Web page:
US08312063 1993-09-27 1994-09-26 Sound absorbing member Expired - Lifetime US5554831A (en)

Priority Applications (2)

Application Number Priority Date Filing Date Title
JP23982293A JP3488271B2 (en) 1993-09-27 1993-09-27 Sound-absorbing material
JP5-239822 1993-09-27

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US6102465A (en) * 1997-10-16 2000-08-15 Nissan Motor Co., Ltd. Noise insulating structure for automotive vehicle passenger compartment
US6271270B1 (en) 1996-04-25 2001-08-07 Georgia Composites Fiber-reinforced recycled thermoplastic composite
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EP1182087A3 (en) * 2000-08-25 2002-07-31 Nissan Motor Co., Ltd. Sound absorbing-insulating structure for vehicles
US6454048B1 (en) * 1998-05-12 2002-09-24 Rieter Automotive (International) Ag Acoustic insulating vehicle component
US6490828B1 (en) 2000-07-20 2002-12-10 Steelcase Development Corporation Partition wall system
US6517676B1 (en) 1999-01-08 2003-02-11 Ahlstrom Mount Holly Springs, Llc Recyclable thermoplastic moldable nonwoven liner for office partition and method for its manufacture
US20030087973A1 (en) * 1996-04-25 2003-05-08 Muzzy John D. Fiber-reinforced recycled thermoplastic composite and method
US6589643B2 (en) * 2000-04-21 2003-07-08 Nissan Motor Co., Ltd. Energy conversion fiber and sound reducing material
US20040129493A1 (en) * 2003-01-07 2004-07-08 Cascade Engineering, Inc. Molded lightweight foam acoustical barrier and method of attenuating noise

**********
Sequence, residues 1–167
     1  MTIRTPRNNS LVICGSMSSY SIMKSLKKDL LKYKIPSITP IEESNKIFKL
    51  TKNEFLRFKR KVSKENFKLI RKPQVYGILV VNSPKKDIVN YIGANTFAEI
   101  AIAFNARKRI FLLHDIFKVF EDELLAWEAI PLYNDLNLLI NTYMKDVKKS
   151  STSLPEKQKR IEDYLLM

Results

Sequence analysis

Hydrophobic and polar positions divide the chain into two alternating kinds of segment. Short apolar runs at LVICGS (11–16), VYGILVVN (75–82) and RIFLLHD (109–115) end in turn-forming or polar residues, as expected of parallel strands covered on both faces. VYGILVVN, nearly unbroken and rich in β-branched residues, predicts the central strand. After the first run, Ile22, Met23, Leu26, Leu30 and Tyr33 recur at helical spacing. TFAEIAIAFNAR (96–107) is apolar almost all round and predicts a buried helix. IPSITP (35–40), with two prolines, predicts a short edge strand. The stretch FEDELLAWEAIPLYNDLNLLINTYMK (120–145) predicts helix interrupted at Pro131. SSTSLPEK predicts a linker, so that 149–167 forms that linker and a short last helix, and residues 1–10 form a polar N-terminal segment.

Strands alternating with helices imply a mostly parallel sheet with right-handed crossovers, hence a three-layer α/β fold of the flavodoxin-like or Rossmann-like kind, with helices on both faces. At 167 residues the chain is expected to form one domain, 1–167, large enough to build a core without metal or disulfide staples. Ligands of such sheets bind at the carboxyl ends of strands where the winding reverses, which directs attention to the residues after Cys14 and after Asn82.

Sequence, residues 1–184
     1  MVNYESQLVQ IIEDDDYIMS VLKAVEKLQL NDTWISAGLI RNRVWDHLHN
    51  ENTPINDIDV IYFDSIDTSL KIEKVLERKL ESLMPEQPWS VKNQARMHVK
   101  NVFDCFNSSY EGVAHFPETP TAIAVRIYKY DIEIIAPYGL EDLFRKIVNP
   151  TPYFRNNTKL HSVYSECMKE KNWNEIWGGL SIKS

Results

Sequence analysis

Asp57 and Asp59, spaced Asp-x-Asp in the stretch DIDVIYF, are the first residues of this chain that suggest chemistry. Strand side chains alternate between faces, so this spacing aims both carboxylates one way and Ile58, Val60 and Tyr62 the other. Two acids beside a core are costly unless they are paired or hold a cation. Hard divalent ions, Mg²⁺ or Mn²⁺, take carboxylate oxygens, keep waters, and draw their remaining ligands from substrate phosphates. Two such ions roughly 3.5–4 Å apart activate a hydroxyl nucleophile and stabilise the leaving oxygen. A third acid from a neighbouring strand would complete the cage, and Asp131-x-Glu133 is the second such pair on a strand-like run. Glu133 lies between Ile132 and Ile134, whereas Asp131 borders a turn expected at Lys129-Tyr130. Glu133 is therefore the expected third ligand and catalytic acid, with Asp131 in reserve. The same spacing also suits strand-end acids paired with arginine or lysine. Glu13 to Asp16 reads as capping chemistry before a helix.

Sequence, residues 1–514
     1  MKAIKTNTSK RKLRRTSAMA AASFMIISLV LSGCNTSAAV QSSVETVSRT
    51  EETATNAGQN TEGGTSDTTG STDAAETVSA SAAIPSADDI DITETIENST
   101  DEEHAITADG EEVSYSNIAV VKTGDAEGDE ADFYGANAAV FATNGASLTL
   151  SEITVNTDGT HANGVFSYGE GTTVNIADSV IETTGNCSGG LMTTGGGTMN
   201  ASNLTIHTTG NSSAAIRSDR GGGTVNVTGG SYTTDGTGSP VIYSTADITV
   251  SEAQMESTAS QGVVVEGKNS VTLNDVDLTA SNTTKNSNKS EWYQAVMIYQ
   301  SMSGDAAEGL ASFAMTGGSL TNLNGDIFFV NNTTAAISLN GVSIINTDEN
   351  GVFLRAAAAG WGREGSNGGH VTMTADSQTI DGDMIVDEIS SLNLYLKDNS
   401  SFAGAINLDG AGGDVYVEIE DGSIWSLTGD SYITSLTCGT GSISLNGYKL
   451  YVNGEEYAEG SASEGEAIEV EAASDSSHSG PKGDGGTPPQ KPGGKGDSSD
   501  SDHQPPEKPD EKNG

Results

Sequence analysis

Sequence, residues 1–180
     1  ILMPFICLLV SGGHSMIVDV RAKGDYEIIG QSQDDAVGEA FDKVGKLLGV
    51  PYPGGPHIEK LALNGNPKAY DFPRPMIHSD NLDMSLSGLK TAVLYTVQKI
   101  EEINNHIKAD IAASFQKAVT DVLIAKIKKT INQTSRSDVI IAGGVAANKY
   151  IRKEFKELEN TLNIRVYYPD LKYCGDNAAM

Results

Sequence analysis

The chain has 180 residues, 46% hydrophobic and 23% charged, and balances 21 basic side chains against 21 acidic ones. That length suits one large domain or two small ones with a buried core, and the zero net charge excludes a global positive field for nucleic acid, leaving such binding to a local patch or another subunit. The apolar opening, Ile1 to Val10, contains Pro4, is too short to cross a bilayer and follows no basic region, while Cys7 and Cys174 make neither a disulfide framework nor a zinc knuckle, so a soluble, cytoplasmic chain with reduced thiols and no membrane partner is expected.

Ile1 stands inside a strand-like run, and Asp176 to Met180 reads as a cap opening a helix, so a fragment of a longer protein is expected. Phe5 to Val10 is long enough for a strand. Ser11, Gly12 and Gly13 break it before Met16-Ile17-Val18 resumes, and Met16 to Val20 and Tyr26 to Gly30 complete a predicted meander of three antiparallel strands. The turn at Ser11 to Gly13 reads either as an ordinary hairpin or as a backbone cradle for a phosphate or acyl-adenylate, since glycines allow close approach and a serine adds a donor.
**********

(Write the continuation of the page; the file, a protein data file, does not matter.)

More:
US6802389B2 (en) 2001-12-07 2004-10-12 Collins & Aikman Products Co. Multi-density sound attenuating laminates and methods of making same
US20040247857A1 (en) * 2003-06-03 2004-12-09 Schroeder Jeffrey J. Foam barrier heat shield
US20050006173A1 (en) * 2003-07-08 2005-01-13 Lear Corporation Sound insulation system
WO2005123456A1 (en) * 2004-06-21 2005-12-29 Carcoustics Tech Center Gmbh Sound-absorbent, self-supporting front wall lining for motor vehicles
US20060003142A1 (en) * 2004-05-28 2006-01-05 Suminoe Textile Co., Ltd. Sound absorbing carpet and method for manufacturing the same
US20060137799A1 (en) * 2004-12-29 2006-06-29 Enamul Haque Thermoplastic composites with improved sound absorbing capabilities
US20070033898A1 (en) * 2004-11-12 2007-02-15 Woven Image Pty Ltd. Fibre privacy or room-divider panel
US20080022645A1 (en) * 2006-01-18 2008-01-31 Skirius Stephen A Tacky allergen trap and filter medium, and method for containing allergens
US20080050565A1 (en) * 2005-04-01 2008-02-28 Buckeye Technologies Inc. Fire retardant nonwoven material and process for manufacture
US20080057283A1 (en) * 2006-08-29 2008-03-06 Arthur Blinkhorn Reinforced acoustical material having high strength, high modulus properties